Meanwhile in Toronto... People Are Lying About Kyle Lowry

Raptors fans, you've had it easy. That sounds stupid given the years of sub-five hundred basketball you've endured these past few years, but it's no less true. It's true for every fan of habitually losing franchises and for no other reason than the predictability of the teams future. If you stink, you pray for a favourable bounce in the draft lottery and then pray even harder for a future star coming from the pick. It's an easy concept to understand and Raptors fans know this all too well. For years they've flooded mock draft sites, followed college hoops and scoured YouTube videos for a star-in-waiting that will transform their franchise from perennial losers to legitimate contenders.

But now the Raptors are legitimate, laced with talented mid-lottery draft picks as a nucleus, complimented by a solid group of supporting players providing a competitive lineup in all stages of the game. The Raptors are winning and with that success eliminates meaningful improvement through the draft.

Admittedly, it's a problem you want to have. But for Raptors fans unfamiliar with improvement outside of the draft, it's largely uncharted waters.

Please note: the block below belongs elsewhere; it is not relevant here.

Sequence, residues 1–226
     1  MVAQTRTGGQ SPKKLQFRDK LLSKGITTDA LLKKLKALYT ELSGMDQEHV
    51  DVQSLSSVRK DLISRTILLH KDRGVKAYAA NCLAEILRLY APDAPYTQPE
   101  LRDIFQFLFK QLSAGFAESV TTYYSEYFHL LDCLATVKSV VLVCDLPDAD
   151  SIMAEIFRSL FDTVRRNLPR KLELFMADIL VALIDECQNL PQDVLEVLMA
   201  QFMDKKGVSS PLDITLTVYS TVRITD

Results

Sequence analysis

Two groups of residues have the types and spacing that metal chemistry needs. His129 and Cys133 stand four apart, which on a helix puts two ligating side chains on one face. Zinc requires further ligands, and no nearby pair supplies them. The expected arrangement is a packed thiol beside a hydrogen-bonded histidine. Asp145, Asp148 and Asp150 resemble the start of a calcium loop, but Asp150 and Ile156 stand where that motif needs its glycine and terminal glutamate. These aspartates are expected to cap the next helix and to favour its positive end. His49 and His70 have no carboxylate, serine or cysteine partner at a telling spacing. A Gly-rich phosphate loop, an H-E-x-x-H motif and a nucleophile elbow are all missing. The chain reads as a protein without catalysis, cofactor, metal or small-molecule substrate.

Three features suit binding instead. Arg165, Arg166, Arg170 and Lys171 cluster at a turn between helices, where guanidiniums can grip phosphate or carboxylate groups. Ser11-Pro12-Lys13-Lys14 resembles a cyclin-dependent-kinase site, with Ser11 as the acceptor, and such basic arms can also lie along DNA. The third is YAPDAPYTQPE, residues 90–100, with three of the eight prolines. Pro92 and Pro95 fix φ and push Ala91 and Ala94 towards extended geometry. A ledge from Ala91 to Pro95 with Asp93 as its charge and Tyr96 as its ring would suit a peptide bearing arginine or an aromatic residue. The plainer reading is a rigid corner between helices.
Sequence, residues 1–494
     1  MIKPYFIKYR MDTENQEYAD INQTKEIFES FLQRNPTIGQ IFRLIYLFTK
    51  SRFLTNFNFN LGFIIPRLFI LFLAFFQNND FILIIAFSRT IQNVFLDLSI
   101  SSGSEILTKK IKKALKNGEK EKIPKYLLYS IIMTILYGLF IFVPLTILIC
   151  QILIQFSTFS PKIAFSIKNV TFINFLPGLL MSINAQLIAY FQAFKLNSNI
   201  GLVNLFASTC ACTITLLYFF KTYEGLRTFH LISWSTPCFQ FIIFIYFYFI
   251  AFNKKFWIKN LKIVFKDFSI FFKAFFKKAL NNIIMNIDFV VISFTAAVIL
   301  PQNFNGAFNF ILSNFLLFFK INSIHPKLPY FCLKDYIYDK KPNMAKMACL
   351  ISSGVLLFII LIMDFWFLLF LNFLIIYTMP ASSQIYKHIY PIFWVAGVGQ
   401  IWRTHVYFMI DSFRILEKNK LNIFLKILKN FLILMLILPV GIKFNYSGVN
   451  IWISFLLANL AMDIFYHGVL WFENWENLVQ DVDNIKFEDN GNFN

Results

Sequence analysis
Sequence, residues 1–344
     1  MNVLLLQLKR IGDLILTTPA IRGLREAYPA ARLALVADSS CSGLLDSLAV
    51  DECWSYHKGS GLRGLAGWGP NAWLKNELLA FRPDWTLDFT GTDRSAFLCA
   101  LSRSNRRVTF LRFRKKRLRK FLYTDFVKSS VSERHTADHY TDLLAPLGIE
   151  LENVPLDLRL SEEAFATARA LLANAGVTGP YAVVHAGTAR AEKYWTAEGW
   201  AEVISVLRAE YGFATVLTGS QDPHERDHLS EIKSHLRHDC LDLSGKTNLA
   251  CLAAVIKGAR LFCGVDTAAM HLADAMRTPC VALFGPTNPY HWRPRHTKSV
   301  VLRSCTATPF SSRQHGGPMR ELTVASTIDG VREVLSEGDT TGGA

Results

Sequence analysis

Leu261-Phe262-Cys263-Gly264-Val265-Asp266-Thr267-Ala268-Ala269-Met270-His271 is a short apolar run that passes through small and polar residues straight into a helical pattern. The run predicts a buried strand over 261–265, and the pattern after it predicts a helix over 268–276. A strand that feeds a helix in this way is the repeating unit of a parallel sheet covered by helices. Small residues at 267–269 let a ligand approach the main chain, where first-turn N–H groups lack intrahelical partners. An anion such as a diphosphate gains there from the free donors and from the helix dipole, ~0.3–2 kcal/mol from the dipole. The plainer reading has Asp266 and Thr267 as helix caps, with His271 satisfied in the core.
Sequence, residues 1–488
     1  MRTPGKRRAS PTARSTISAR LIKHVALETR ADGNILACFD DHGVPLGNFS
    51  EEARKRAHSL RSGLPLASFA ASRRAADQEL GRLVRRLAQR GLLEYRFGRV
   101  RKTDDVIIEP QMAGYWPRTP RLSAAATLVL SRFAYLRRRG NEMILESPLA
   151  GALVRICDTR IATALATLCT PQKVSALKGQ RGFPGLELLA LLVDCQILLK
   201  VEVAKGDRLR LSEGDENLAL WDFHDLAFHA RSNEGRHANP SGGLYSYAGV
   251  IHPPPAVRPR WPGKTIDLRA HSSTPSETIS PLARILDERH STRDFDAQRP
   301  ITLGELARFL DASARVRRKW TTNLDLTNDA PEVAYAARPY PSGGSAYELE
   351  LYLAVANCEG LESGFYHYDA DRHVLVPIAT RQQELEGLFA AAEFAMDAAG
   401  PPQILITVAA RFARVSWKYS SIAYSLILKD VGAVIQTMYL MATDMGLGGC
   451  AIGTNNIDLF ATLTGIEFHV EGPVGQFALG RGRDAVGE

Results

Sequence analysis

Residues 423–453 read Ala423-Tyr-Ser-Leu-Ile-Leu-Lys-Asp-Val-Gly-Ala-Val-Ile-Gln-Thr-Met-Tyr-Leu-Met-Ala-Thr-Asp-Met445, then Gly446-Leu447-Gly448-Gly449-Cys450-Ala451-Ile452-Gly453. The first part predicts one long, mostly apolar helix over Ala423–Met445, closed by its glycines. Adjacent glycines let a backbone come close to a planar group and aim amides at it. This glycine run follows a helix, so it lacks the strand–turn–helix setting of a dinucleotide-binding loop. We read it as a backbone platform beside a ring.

It speaks to the latest round of trade rumours circulating one of the catalysts of the Raptors recent string of success, namely Kyle Lowry. The point guard is in the final year of his contract and with unrestricted free agency on the horizon, calls for Raptors general manager Masai Ujiri to trade Lowry have begun filling message boards and sports-talk radio shows.

'His stock is high, maybe we can trade for a high draft pick'

'We can't loose him for nothing'

'He's only playing well because it's a contract year, like in Houston'

Concerns perpetuated by a fan base unfamiliar with building onto an already winning team. And in all of the naval gazing that so defines sports fans in Toronto, what's missed is that one of the biggest concerns is based largely on revisionist history.

There's an idea floating around that Lowry is 'playing up' in an effort to garner leverage for upcoming contract negotiations and that this scenario has happened before.

Although there is truth to the idea of impressing your bosses before a potential raise, what is being glossed over is that this is the first time Lowry has improved his numbers going into a contract year. In 2009-2010, Lowry was playing in the final year of his rookie contract, below are his season averages.